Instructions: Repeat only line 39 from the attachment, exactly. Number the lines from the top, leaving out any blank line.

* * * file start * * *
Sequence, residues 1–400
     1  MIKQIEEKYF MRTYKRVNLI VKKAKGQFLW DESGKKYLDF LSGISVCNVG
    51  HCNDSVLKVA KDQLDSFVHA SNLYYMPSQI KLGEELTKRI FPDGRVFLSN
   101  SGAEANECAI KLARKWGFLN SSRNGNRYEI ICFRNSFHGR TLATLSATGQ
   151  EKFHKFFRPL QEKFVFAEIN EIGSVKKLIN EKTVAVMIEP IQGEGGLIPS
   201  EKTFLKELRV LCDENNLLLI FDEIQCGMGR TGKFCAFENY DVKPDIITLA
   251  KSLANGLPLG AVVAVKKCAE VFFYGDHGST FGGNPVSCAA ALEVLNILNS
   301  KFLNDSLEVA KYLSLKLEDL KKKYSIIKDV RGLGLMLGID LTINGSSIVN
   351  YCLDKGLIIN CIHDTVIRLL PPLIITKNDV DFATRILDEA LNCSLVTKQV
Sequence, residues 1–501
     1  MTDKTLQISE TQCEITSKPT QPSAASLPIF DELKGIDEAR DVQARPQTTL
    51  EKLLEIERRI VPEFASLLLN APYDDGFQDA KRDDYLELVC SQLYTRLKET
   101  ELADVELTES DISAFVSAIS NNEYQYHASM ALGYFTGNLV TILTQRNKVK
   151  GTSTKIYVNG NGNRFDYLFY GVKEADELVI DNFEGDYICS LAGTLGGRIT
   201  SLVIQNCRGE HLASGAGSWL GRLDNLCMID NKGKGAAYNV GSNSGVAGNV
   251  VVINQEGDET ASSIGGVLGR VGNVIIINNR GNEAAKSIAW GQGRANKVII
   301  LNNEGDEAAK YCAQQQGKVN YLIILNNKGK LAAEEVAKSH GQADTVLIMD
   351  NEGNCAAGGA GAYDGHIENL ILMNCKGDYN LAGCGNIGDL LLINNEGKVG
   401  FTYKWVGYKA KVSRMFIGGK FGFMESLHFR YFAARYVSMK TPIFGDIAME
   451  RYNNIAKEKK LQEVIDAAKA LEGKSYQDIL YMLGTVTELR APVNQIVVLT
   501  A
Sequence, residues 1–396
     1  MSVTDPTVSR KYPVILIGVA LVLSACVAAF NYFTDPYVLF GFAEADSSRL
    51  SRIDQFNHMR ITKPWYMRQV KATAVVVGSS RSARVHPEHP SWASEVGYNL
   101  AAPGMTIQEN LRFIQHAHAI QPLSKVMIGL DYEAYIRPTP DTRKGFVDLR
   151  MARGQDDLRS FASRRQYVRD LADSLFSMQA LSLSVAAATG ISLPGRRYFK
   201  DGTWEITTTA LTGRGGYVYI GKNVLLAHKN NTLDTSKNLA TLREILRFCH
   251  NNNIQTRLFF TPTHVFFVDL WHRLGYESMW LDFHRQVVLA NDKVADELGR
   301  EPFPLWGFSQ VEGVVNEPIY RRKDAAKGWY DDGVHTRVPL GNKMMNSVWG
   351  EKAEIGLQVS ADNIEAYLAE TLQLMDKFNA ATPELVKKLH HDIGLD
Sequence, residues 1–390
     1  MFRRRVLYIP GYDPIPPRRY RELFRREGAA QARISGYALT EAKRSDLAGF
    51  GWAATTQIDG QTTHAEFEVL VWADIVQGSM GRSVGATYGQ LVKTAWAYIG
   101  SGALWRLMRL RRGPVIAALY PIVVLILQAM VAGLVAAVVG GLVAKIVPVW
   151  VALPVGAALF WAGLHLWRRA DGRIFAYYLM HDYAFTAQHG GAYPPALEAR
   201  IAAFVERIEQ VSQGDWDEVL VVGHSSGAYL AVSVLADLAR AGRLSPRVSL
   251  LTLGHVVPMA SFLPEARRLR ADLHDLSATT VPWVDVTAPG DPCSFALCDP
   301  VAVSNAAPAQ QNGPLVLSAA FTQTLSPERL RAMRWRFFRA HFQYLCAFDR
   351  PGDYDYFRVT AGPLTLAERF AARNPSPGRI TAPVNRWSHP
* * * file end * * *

   351  PGDYDYFRVT AGPLTLAERF AARNPSPGRI TAPVNRWSHP